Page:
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Amazon Go & RFID – The Automation Dilemma

Sam Sattel

amazon-go-rfid

The Automation Dilemma – Did Amazon and RFID Just Kill the Retail Employee?

Three’s A Crowd!

Let’s see a show of hands – Who loves the self-checkout lines at the grocery store? Yeah, they don’t work all the time, and still require some human intervention. But the benefit of being able to scan your stuff, bag it up just the way you like, and walk out the door without having to deal with a cashier or those long lines is priceless.

Amazon looks to be showing us the way towards an even more automated grocery store experience in the future with their new Amazon Go concept. But did the ecommerce giant and their technology just kill the retail employee and a method of doing business that has largely been the same since the 1800s? It’s the automation dilemma.

Just Walk Out – Is It That easy?

Amazon Go’s tagline is pretty compelling – “Just Walk Out.” This new retail concept is Amazon’s first foray into the world of brick-and-mortar business, and it seems to be making some waves. What’s the big deal? Think about a grocery store without all of the problems, like waiting in line, waiting to have your items scanned one-by-one, comments about each item you are purchasing, waiting again to have your stuff bagged up, then not having your credit card work, and finally trying to make your credit card work with a plastic bag (sound familiar)? Man, that sounds really inefficient.

grocery-store-line

The dreaded grocery store line, we’re all ready to move beyond it. (Image source)

Now, imagine all of these problems disappearing, leaving you only the essence of the grocery store experience – getting what you need, and getting out. In an Amazon Go store, you simply grab the stuff you want to purchase, put it in your bag, and walk out. On your exit, all the stuff in your bag will automatically be deducted from your Amazon account. Does all of this sound too good to be true? Here it is in action:

While Amazon Go is only open to Amazon employees in a beta program until early 2017, it’s set to completely shift how retail works in the future, thanks in part to technologies like artificial intelligence, RFID, sensors, and machine learning algorithms. And while we do find it rather odd how hush-hush Amazon is about how the whole operation works, we do know one thing – RFID is going to be huge.

Moving Beyond the Barcode

RFID, or Radio-Frequency Identification, was created back in 1948 by scientist and inventor Harry Stockman and was used primarily for military applications. Today, RFID is just about everywhere. Here are a few of the most popular uses that you may or may not know about:

  • Toll Road & Subway Passes – Each swipe of your toll road or subway pass is made possible with RFID. And to avoid dealing with freeway traffic nightmares, you can thank RFID for your ability to cruise freely on the express lane without needing to stop at a toll booth.
  • Casino ChipsHow about all of those chips you’ve lost (or gained) at your recent casino trip? Each chip these days has a RFID microchip built in that helps to prevent fraud and theft. We’d guess that these are even tied to a customer’s account when they get redeemed for cash to keep a digital trail.
  • Lost and FoundEver lose your cat or dog out in the wild? My parents’ dog came from an animal shelter and has one of those RFID microchips buried somewhere underneath his skin. If he ever gets loose again, a quick scan of his RFID tag will bring him back home.

 

These are just a few of the most common uses for RFID, but these microchips are used in so many other applications it’s almost mind-boggling. Ever check in your baggage at an airport? That’s all handled with RFID. Or those packages that get delivered to your doorstep in two days? Yep, RFID. And one we didn’t quite know about – agriculture uses RFID tags on a cow’s ear to track all of their livestock.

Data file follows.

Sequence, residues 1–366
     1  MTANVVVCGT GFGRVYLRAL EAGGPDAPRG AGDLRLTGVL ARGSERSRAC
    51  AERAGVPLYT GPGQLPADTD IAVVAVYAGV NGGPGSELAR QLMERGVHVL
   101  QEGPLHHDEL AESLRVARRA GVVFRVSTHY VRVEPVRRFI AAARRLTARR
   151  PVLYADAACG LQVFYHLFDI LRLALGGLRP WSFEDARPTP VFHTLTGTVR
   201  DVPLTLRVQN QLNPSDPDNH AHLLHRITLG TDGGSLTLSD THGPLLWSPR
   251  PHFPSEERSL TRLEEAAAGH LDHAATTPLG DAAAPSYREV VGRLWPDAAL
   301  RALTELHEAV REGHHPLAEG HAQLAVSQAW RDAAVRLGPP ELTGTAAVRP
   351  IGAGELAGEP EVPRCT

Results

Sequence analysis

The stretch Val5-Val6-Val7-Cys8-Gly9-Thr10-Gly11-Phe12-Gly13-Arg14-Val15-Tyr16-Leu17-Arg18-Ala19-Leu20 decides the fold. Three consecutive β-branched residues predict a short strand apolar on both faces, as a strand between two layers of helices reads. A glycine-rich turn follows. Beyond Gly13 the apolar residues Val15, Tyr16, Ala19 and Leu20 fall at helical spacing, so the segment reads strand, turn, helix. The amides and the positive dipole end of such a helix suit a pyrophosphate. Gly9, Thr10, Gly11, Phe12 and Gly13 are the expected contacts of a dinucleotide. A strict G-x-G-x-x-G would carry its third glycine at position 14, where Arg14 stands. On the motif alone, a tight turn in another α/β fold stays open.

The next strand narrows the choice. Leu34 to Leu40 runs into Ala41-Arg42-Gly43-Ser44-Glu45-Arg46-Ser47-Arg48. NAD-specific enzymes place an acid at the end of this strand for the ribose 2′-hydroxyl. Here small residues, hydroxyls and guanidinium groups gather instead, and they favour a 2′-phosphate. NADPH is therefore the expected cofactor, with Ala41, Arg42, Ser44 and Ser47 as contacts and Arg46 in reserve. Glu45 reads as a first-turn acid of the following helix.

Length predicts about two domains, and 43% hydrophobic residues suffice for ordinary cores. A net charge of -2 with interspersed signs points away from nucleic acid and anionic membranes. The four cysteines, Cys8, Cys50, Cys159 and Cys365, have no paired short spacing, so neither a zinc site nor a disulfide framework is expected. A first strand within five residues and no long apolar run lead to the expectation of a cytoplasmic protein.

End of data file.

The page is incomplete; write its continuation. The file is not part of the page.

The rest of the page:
how-rfid-works

Who ever knew, even cows have their own data management system and RFIDs! (Image source)

As we get deeper into our digital world, nearly everything will start to connect and transmit data using RFID or some other form of communication. The numbers don’t lie – RFID is projected to grow at 22.4% through 2018, and the smart label market is expected to be valued at $10 billion by 2020.

The Inner Workings of RFID

RFID works on a simple premise, using radio waves and microchips that can both read and capture information. To get all the information you need from a RFID, they use what’s called a tag, which can send and receive information from RFID readers with the help of an antenna as shown below:

complete-rfid-system

A complete RFID system, including a tag, antenna, reader, and computer. (Image source)

These RFID tags consist of both a processor that can store and interpret the information, along with an antenna that allows the IC to communicate with its home base. There are two types of RFID tags to know about:

  • Passive Tags – A passive tag will use the energy from a RFID reader to send information back and forth; otherwise, the tag lays dormant and doesn’t transmit data.
  • Battery Tags – As the name suggests, some RFIDs are embedded with batteries, allowing them to send and receive information without needing to be activated by a RFID reader.

These RFID tags also have several class designations that define their capabilities. You’ll find what’s called RFID Class-1, Generation-2 being used in retail operations today. The Class part refers to the functionality of the tag, and the Generation refers to the physical and logical standards of the software. Here’s a quick breakdown of all the classes you’ll need to know about if you find yourself working with RFIDs in the future:

  • Class 0 – These are read only, preprogrammed passive tags that can’t send any information.
  • Class 1These tags can be written once and read any number of times. You’ll find these being used in retail stores.